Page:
On my current project, we have a group of networked devices that will be assigning their own IP address semi-randomly based on a serial number burned into the CPU. This leaves us with a problem: we need to be able to quickly determine who’s on the network.
We’ve chosen to have each device listen on the network’s broadcast address using a UDP socket. We can then have our control device join the network and send a “Who’s there?” message to the broadcast address. When the devices on the network get the broadcast message, they respond with an “I’m here” message. Based on these responses, we can enumerate who all we should concern ourselves with in later operations.
There are a few special things to remember when configuring a system like this. I’ve built a pair of reference applications that define a listening broadcast “server” and a broadcast “client” that can discover who’s available.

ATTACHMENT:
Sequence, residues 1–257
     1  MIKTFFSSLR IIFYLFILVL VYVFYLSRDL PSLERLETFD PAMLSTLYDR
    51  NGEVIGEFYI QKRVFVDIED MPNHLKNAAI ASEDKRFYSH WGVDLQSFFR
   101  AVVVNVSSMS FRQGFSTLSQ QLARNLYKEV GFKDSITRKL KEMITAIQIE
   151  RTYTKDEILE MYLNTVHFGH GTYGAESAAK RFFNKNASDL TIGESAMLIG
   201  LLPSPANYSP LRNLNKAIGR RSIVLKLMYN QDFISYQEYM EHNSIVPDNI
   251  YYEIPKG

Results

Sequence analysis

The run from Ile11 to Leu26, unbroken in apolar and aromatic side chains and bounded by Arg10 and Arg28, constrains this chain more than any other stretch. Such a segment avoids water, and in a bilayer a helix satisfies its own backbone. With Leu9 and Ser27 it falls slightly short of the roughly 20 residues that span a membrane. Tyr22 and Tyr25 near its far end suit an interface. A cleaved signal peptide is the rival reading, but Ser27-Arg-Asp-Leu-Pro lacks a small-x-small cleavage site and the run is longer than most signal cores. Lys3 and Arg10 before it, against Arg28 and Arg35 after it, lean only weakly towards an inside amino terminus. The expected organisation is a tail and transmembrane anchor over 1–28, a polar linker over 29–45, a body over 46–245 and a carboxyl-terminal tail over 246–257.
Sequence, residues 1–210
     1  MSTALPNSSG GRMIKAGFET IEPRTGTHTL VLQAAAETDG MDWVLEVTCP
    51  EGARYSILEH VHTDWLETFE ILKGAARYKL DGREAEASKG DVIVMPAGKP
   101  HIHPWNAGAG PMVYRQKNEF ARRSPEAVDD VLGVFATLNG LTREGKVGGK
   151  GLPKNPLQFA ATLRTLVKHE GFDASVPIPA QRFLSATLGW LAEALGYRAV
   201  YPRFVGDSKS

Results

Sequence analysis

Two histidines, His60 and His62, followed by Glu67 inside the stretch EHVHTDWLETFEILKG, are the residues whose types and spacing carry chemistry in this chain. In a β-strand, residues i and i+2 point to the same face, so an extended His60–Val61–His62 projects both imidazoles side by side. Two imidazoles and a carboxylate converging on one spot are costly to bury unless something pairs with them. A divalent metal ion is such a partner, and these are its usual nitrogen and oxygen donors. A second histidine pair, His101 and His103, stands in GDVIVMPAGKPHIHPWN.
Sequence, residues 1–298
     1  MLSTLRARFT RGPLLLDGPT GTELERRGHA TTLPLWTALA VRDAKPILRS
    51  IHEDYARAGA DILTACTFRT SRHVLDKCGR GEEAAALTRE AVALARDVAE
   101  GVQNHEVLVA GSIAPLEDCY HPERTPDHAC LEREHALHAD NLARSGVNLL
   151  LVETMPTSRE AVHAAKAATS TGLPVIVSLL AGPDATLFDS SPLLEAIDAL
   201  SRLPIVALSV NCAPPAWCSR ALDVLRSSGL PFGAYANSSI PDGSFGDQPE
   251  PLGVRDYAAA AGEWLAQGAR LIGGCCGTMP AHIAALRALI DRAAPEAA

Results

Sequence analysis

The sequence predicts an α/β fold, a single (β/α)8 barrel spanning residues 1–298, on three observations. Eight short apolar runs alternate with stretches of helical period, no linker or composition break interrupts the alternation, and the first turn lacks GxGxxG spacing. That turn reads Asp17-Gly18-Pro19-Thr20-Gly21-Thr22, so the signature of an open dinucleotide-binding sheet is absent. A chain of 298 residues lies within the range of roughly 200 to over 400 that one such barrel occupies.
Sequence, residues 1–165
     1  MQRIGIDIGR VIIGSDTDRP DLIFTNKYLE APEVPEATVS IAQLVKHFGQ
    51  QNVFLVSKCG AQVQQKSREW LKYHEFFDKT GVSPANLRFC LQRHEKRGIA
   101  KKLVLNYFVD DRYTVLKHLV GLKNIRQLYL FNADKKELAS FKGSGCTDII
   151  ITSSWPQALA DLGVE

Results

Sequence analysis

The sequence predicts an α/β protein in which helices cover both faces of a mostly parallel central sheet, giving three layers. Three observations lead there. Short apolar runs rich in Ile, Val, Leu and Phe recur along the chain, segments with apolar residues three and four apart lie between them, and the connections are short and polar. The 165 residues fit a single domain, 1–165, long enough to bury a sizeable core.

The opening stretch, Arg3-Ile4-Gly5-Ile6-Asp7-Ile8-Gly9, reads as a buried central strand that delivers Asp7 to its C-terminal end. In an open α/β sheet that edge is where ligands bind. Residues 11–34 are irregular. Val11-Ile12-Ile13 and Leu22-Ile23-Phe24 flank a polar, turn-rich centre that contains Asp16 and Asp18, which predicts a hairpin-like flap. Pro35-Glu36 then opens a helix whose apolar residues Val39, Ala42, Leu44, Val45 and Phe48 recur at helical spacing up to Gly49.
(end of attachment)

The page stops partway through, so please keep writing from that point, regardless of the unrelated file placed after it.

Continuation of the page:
I’ve made these sample applications available on Github.
Why don’t u use multicast instead of broadcast .
It will again be broadcasted, but only to subscribers, and you won’t flood the network if it has lot’s of other nodes, non-interested in the traffic.
In my particular case, I’m using UDP broadcasts to discover a number of other participants on a local network. Once my nodes are discovered, I make connections to them over TCP. There’s no permanent coordinating node and it’s a purpose-built private network, so there’s no harm in using UDP (since really, no other traffic will be present).
If I was using any sort of high-bandwidth setup, multicast would definitely be the way to go.
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